- Philoponus' scholia in Aristotle's Physics IV, 1-5
The topic of this dissertation was Ioannes Philoponus’ accounts of place, void and motion presented in his commentary on Aristotle’s Physics, IV, 1–9 in three rather controversial parts of the commentary, namely the digressions on place and void (Philop., in Phys., 557.8- 585.4, 675.12- 695.8, CAG XVII) and the corollary on the motion of projectiles, in which Philoponus articulates the impetus theory (Philop., in Phys., 639.3- 642.26).
- The Priority of Locomotion in Aristotle's 'Physics'
This project investigated the priority of local motion in Aristotle.
- Place, Space and Motion in Aristotle
This project approached the research questions through close reading of relevant texts, reconsideration of
their philological basis in the manuscript tradition (when called for), systematic reconstruction and assessment of the arguments guided always by senstivity to their place in the ancient history of science.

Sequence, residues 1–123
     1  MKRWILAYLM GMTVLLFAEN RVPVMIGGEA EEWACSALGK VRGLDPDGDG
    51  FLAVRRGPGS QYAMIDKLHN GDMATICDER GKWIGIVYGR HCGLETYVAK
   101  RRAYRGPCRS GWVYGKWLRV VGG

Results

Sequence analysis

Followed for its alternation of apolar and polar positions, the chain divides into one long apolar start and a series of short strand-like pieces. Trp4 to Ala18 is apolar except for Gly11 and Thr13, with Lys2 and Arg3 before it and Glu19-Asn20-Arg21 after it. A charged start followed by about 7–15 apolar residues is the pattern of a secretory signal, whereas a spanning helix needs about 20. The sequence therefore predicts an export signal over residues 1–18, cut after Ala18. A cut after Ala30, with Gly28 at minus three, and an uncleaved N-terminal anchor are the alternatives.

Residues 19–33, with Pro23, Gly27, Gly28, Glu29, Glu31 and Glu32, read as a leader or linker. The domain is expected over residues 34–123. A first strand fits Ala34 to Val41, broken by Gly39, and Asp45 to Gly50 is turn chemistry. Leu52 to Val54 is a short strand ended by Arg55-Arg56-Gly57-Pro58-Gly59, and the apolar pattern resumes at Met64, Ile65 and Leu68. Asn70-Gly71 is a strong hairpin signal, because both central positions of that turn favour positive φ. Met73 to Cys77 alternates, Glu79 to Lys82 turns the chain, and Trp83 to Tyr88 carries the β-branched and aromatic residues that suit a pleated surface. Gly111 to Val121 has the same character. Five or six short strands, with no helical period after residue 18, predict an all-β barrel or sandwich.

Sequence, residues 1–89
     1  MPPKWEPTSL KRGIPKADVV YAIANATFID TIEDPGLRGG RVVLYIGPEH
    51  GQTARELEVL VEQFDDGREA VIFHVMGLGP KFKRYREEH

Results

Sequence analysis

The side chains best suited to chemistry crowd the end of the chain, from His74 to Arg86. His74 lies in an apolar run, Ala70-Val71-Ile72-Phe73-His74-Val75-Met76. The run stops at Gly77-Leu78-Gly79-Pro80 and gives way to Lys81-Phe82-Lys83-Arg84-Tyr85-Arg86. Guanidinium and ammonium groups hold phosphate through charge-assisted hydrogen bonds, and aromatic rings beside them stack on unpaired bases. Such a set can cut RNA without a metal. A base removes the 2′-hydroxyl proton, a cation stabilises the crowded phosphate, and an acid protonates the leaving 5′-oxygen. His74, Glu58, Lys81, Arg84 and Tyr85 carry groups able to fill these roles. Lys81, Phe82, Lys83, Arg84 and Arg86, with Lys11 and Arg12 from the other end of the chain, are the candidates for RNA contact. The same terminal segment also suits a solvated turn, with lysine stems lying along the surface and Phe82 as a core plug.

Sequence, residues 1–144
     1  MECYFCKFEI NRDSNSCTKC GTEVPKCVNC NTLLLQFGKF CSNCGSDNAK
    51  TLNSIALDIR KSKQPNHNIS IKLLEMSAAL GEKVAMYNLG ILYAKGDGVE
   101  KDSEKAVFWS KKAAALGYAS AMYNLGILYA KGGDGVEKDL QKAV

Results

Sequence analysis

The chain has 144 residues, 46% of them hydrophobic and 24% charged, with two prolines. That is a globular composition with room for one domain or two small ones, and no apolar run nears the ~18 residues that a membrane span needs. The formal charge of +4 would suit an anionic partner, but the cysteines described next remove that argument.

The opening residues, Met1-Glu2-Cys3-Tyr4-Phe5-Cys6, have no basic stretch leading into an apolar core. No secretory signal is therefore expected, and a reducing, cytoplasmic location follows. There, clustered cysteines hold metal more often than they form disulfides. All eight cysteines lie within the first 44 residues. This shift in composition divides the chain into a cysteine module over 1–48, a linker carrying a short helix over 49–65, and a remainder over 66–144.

- Place, Space and Motion in Later Platonism
How did later Platonists understand the competing theories of ‘space’ and ‘place’ developed by Plato and Aristotle, and how were these theories challenged and transformed in late Antiquity?
- Place, Space and Motion in Plato and Middle Platonism
How does Plato use spatial concepts in his natural philosophy (to the extent that he has one)? How did Middle Platonist thinkers, especially Plutarch and the author of the Didaskalikos (= Alcinous?), take up and revise Plato’s views? To what extent were they also influenced by other thinkers, e.g. Aristotle?